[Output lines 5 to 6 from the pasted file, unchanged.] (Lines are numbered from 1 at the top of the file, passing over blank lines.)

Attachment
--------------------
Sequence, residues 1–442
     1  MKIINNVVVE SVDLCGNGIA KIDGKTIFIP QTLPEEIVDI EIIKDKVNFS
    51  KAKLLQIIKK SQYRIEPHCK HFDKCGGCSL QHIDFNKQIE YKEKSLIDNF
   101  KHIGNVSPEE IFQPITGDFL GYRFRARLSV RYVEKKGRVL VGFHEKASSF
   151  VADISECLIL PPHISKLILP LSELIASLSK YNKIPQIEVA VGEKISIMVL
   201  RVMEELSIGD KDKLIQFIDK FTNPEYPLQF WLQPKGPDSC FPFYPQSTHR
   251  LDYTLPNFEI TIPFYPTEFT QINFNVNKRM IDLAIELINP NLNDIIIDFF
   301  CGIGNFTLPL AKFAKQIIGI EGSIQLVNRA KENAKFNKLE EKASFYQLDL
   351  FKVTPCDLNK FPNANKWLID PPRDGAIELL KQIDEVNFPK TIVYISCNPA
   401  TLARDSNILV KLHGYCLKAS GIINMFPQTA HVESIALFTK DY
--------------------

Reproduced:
   151  VADISECLIL PPHISKLILP LSELIASLSK YNKIPQIEVA VGEKISIMVL
   201  RVMEELSIGD KDKLIQFIDK FTNPEYPLQF WLQPKGPDSC FPFYPQSTHR